When disease strikes, the biochemistry of cells and tissue changes. In cancer, for example, cells begin to grow at a much faster rate. In one continuous whole-body scan, PET captures images of changes in the body's metabolism caused by actively growing cancer cells.
The PET scan begins with an injection of a glucose-based radiopharmaceutical, which travels through the body, eventually collecting in the organs and tissues targeted for examination.
The patient lies flat on a table that moves incrementally through the PET scanner. The scanner has cameras that detect the gamma rays emitted from the patient, and turns those into electrical signals. These are processed by a computer to generate the images. The table moves slowly through the scanner and many sets of images are produced.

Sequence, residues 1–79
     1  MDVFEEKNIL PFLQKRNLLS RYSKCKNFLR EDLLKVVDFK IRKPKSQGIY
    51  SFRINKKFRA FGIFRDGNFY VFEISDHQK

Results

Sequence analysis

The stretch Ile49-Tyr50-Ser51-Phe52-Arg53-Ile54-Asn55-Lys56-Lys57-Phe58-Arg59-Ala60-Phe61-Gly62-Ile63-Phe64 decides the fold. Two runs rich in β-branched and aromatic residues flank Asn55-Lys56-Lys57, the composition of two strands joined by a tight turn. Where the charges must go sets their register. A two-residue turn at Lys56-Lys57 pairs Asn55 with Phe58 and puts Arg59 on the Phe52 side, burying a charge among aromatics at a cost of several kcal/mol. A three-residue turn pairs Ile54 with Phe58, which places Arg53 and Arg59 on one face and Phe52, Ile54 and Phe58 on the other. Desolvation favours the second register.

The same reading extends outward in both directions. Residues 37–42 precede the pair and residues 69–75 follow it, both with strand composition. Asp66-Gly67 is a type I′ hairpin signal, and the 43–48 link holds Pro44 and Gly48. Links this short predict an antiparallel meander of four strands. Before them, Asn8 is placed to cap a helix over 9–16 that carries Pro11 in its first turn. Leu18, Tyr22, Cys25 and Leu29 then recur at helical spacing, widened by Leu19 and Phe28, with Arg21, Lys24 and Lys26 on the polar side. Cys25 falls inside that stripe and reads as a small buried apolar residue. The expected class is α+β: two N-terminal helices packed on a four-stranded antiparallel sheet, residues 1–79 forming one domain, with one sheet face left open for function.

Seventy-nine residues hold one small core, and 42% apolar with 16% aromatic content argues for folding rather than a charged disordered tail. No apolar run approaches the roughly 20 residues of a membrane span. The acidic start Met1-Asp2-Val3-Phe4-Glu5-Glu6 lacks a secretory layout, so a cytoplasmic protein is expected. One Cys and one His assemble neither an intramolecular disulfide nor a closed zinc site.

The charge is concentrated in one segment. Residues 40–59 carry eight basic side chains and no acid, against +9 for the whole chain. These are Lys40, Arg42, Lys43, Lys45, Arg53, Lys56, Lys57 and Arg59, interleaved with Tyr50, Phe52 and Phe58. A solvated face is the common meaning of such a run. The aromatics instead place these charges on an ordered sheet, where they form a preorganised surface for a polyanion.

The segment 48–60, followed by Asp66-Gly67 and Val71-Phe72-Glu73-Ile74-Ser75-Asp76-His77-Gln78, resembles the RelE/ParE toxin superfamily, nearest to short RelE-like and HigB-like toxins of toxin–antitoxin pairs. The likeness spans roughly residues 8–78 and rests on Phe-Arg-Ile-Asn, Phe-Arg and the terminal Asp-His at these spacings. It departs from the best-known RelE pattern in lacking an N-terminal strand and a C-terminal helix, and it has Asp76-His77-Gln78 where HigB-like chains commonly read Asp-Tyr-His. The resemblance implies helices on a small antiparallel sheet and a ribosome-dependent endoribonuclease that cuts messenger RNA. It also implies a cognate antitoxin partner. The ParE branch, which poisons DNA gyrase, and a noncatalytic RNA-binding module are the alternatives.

The acquired electrical signals are assembled by the computer into a 3-D image of the patient's body. If an area is cancerous, the signals will be stronger there than in the surrounding tissue, since more of the radiopharmaceutical will be absorbed in those areas.
PET is a highly sensitive procedure that aids in the detection of small cancerous tumors, and also subtle changes in the brain and heart. This enables physicians to identify and treat these diseases earlier and more accurately.
Image courtesy of University of Tennessee Medical Center, Knoxville, TN, USA